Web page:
The Waste Isolation Pilot Plant (WIPP), a Department of Energy (DOE) facility located in southeastern New Mexico near Carlsbad, is the first nuclear waste repository certified by the United States Environmental Protection Agency (EPA). The first waste disposal panel, Panel 1, was completed in 1988, and Panel 2 was completed in 2000. Although the geometry of Pand 2 is identical to that of Panel 1, the pattern of creep behavior of Panel 2 is anticipated to differ from that of Panel I because of its proximity to the first panel. Early in situ monitoring results appear to match a conceptual model of excavation performance. Two three-dimensional numerical models are being used to assess the interaction between Panel I and Panel 2 and have produced initial results.


Three-dimensional numerical modeling of WIPP disposal panels has been performed to simulate the effect of mining a second waste disposal panel adjacent to an existing panel. The timing and geometry of the models were selected to simulate the effect of mining Panel 2 on Panel 1. The primary goals of the modeling were to quantify the potential increases in displacement rates and shear strain that contribute to fracturing in the old panel (Panel 1), and to estimate the long-term displacement rates in the new panel (panel 2).

1.1 Background

The work presented here was completed for the United States Department of Energy (DOE), which was authorized by Public Law 96-164 to provide a research and development facility for demonstrating the safe permanent disposal of transuranic (TRU) wastes from national defense activities and programs of the United States exempted from regulations by the U.S. Nuclear Regulatory Commission (NRC). The Waste Isolation Pilot Plant (WIPP), located in southeastern New Mexico near Carlsbad, an underground repository for disposal of TRU wastes located 650 meters deep in a bedded halite formation. In its final configuration, WIPP will include eight panels of seven waste disposal rooms each. The rooms are about 90 meters long, 10 meters wide, and four meters high. They are separated by 30 meter wide pillars. The panels are separated by 60 meter wide barrier pillars.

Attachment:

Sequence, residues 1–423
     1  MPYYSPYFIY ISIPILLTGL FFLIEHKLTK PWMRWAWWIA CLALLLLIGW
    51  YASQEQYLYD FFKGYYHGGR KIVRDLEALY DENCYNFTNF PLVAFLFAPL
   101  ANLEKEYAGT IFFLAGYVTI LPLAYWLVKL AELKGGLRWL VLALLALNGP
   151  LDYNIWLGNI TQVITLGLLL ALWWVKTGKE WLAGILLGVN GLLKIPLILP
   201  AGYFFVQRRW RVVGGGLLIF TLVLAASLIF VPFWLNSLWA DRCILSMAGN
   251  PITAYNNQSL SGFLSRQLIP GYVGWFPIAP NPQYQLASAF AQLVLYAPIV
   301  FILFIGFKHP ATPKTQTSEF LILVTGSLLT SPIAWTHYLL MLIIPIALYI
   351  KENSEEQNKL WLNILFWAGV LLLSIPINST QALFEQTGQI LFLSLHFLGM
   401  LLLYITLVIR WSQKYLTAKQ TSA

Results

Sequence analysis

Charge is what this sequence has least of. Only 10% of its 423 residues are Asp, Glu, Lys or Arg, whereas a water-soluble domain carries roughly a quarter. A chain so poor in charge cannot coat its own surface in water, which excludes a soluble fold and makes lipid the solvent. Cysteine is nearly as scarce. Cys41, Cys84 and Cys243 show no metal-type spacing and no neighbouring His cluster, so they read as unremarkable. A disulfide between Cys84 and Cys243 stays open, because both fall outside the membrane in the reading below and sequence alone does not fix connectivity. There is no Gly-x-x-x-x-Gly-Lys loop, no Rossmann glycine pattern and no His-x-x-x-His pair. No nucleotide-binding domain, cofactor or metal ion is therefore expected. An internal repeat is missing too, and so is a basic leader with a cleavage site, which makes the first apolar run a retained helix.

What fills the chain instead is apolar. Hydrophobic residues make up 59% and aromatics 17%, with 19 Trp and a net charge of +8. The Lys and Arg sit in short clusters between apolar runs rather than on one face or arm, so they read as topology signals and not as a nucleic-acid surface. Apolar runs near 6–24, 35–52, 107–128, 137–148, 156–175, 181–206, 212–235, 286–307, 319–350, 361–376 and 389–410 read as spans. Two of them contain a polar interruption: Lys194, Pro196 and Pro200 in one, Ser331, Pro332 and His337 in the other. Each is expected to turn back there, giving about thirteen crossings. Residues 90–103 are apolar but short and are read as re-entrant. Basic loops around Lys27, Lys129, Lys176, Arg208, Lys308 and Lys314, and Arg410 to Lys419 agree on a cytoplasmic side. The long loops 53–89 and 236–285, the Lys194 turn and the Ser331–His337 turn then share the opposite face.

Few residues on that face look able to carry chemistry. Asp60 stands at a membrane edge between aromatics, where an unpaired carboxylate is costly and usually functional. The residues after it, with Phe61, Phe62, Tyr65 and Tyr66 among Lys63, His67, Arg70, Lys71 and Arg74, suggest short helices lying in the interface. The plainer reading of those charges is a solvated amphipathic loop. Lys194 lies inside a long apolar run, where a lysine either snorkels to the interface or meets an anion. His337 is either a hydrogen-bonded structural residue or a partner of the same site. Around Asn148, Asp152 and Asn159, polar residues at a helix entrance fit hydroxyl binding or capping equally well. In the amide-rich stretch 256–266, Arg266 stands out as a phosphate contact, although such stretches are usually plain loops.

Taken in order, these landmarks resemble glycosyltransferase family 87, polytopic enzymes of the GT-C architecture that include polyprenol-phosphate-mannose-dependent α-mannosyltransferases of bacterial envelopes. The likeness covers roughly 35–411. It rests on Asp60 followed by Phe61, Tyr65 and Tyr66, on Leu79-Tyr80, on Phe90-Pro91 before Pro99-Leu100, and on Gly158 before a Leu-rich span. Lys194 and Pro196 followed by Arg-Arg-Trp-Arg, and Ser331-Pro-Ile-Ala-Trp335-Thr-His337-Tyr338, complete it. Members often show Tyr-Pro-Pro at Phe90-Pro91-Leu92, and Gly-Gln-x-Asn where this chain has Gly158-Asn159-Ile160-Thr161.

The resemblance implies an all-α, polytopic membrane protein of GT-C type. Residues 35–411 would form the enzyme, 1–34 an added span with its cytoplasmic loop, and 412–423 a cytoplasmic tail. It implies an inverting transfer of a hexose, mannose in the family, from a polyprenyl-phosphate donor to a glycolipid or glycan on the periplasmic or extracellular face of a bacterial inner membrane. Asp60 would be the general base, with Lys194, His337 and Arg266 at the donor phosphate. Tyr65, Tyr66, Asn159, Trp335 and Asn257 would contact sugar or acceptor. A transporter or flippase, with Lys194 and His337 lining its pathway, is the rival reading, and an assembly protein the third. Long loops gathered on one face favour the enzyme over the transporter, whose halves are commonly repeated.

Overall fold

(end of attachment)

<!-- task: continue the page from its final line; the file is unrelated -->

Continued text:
The excavation of Panel 1 rooms and access drffis was completed in 1988 and took about two years (DOE, 1992). Panel 2 excavation was completed in October 2000 and took about one year. Panel I required more extensive ground control maintenance than was originally planned, primarily because of the eleven-year delay in waste receipt. In general, the geomechanical performance of Panel 1 met all design requirements.

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